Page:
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Re: Purposing an Alternative Feature Request: Make Use of Whole-Disk UUI

From: Vladimir 'φ-coder/phcoder' Serbinenko
Subject: Re: Purposing an Alternative Feature Request: Make Use of Whole-Disk UUIDs
Date: Sat, 04 Feb 2012 17:02:21 +0100
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Keep the list CC'ed.
On 04.02.2012 15:08, Jake Thomas wrote:
If one only imaged/cloned partitions rather than whole disks, the disks' UUIDs wouldn't change, however, individual partitions would wind up with identical UUIDs. The partition UUIDs can easily be made unique afterwards with tune2fs, but I think using the whole-disk-UUID as your truly unique identifier would be even easier. So if in the bootloader that whole-disk-level UUID could be used to specify the hard drive, and then after that specify the number of the partition you want to go to within that drive, you'd be golden.

You confuse FS and partition ID. Consult GPT format for an example
I'm thinking that the flaw in using the hardware name as a unique identifier is that someone might buy a bunch of hard drives of the same exact model in bulk to start a server or something. Wouldn't they all have the same hardware disk-id? Or does the hardware disk-id include a unique identifer even amongst identical hardware? Whole-disk-level UUIDs can be easily changed if necessary. One can also easily avoid changing the whole-disk-level UUID by imaging/cloning only partitions and not the whole disk.

Serial is unique. But then, of course, there is a land called China and it was known to sometimes produce a bulk of network cards with same mac.
When I was saying "--hd-uuid" I meant for the "hd" to stand for "hard drive" just like it does in " set root='(hd0,2)' ". I didn't intend to convey that it could stand for "hardware." In fact, arguably, if Grub ever did use "hd" to stand for "hardware", that would be an inconsistency in it's naming conventions, because back in " set root='(hd0,2)' ", "hd" stands for something different.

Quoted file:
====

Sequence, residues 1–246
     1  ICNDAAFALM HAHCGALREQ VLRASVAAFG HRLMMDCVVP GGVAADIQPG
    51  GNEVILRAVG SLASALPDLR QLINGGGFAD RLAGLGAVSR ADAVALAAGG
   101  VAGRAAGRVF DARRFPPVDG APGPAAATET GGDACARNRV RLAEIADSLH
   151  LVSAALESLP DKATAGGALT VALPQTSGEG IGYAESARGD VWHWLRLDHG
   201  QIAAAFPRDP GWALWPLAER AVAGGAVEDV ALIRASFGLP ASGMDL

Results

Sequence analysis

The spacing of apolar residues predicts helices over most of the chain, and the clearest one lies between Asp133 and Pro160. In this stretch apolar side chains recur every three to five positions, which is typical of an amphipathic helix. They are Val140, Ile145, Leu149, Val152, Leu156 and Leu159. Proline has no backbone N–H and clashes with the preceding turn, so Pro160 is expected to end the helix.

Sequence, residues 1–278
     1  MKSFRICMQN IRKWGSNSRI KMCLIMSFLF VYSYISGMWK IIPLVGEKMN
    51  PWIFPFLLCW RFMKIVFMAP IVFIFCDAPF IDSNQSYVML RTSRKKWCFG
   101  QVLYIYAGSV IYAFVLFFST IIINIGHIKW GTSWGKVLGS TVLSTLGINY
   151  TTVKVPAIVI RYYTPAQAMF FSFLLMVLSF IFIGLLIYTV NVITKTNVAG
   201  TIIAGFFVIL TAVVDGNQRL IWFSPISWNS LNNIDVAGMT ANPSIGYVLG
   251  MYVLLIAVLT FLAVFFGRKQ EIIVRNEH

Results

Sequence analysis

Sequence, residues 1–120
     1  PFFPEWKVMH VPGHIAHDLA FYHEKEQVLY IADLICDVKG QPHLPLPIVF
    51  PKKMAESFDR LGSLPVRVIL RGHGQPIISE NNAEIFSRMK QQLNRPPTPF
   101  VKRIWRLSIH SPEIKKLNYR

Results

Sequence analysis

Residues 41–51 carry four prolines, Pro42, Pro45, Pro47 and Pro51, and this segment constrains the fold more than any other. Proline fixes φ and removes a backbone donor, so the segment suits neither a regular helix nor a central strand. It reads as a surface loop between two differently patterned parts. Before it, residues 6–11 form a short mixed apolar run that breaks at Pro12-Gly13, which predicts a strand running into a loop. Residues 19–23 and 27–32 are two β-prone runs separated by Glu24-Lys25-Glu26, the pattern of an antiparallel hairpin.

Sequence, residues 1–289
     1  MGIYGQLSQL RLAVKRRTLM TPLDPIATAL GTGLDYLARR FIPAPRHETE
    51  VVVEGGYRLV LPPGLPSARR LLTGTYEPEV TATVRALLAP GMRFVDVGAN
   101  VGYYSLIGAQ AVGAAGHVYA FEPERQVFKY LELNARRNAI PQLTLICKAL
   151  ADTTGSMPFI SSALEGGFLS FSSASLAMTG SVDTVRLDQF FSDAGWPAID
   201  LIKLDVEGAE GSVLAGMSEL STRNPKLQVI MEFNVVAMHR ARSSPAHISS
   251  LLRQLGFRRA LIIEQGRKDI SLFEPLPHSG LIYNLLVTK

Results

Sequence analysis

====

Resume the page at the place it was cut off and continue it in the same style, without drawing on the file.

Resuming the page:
Yes and HD would refer to something inherent to hard disk even if you zero its contents out.
I don't think "partmap-uuid" would be a better name for what I'm trying to describe because "partmap-uuid" is making a reference to partitions and/or possibly partition tables and/or memory mappings.
partmap is the term we use to refer to partition tables and the UUID is stored exactly there.
I'm not referring to any of those. I'm referring to something completely partition-independent that does not even exist in a partition table. Whole-disk UUIDs come before the partition table in both MBR and GPT structuring.
You said it yourself. It comes from partmap

I don't fully understand what you mean by "is independent of actual partmap (e.g. search --partition-uuid is fine but search --gptuuid isn't)". Does the syntax with a hyphen in the middle not use partmap while the one without a hyphen in the middle use partmap?
I mean that the name shouldn't refer to any specific partmap.

If you want it separate from partmap, wouldn't that be another reason to not name it "partmap-uuid"?

No. I don't want it separate, I want it abstracted.
Once you specify the hard drive by whole-disk-level UUID, syntax needs to provide a way to specify the partition within the choosen hard drive.

I'm just trying to stay consistent with the syntax " search --no-floppy --fs-uuid --set=root'(hd0,2)' ". I thought " search --no-floppy --hd-uuid --set=root '([UUID],[partition #])' " was a good parallel.

No need to brackets.
What exactly does partmap do anyways? Does it write/ edit drivemappings in memory, or does Grub only use partmap to internally keep track of partitions and disks?

partmap only discovers partitions. To modify them if needed (which is rarely the case) we have parttool

Vladimir 'φ-coder/phcoder' Serbinenko

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